Friday, August 19, 2005

At An IHOP In Munice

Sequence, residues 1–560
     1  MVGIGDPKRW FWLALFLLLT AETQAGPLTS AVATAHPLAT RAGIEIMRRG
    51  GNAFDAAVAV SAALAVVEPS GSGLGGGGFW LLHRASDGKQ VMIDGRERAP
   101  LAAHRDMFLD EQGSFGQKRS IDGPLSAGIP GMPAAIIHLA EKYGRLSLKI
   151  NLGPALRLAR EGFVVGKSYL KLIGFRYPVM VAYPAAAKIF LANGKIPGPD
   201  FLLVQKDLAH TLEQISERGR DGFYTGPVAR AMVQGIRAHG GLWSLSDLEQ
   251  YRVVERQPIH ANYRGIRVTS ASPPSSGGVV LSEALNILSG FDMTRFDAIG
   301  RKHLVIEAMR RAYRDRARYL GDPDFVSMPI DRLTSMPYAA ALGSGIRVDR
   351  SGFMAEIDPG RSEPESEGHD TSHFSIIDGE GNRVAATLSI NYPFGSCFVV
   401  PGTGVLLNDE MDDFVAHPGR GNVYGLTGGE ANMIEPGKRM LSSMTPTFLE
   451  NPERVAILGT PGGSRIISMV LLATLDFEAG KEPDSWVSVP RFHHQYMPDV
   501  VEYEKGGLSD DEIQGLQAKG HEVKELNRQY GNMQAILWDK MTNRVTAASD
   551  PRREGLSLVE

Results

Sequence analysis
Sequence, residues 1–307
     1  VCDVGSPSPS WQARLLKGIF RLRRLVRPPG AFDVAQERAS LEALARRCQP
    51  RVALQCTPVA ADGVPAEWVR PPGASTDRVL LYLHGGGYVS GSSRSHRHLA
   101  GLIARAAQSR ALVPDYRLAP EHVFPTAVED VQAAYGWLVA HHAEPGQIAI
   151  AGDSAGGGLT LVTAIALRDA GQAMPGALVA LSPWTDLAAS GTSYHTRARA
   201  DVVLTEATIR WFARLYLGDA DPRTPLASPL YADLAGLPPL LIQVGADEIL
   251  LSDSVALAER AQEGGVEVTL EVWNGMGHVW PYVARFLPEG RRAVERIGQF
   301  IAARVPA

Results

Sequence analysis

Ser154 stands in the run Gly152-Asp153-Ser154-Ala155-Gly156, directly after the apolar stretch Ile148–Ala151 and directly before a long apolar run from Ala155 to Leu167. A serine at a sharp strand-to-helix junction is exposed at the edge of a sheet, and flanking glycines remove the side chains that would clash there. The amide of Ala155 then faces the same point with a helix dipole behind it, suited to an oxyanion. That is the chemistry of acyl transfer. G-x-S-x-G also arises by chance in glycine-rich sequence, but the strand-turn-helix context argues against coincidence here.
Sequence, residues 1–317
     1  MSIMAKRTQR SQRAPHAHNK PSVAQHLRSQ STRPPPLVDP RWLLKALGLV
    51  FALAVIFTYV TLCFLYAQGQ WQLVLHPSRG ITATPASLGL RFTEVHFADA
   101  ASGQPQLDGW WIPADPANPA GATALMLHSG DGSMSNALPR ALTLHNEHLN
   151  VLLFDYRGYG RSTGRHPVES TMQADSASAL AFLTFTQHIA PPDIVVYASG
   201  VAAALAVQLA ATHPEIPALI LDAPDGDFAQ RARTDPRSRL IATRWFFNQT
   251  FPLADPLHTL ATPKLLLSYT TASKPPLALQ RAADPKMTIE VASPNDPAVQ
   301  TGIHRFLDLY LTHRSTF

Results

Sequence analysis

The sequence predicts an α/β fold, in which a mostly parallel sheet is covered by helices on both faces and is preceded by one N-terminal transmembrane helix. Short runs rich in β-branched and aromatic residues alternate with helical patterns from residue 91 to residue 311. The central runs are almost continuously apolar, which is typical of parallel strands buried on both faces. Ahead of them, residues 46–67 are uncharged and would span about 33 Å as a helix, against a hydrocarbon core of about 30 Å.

At an IHOP in Muncie, I look over from our booth. There's an elderly woman sitting at a table just across from us. She is eating by herself. On this day, I don't want to think something sad. I don't want to think that maybe she feels everyone is watching her...or that maybe she's there alone because she has nobody else. So I try to come up with a story for her of my own. I imagine she likes her iced tea extra sweet - and that's why she's already finished one tall glass and is working on her second. She's reading a small, paperback book. I imagine it's a romance novel - her one vice. Step inside her home and she has old classics that her husband used to buy for her sitting on shelves and tons of home decorating books - but her little secret is that she's a big fan of romance novels. She likes the way the men are always named something regal like Ronan or Grant or Sebastian. Her hair looks like spun golden thread and it is teased up into a roundish hairdo. I imagine that when she was young she was one of those intelligent blondes always mistaken for one a little....less intelligent. I bet she had an hourglass figure and loved wearing poodle skirts with matching sweaters. I imagine that although she was always dressed nice and carried new books, her parents may have had to struggle more than most. Maybe they worked a little harder. Maybe when her friends thought she was at tennis lessons, she was really working to earn a few extra dollars to help out at home. Her hands are cluttered with tiny gold rings and her nails are done. She's been to Vegas. She goes every year with her three best girlfriends. She had one great love of her life. She lost him in winter. But just as he asked, she's been strong about it. That's why she's here, at IHOP, eating by herself. I imagine she is on her way to visit her grandchildren, and that her son is a little too overprotective of his aging mother, so she stops at IHOP for some lunch - and a little quiet time for herself. Just her & a good book. The manager is walking by and asks her if she enjoyed her salad. A new one. With shrimp. She tells him it was wonderful and she really enjoyed it. I imagine she was once forced to cook for a hungry family - and now just likes that someone cooks for her. He is kind to her - which many aren't to elderly these days. But my mind wanders back to her being incredibly lonely...hungry for conversation. A pit in my stomach forms. And then she sees me and I see her. I smile. She smiles back. Almost as if she knew what I was thinking...all along.

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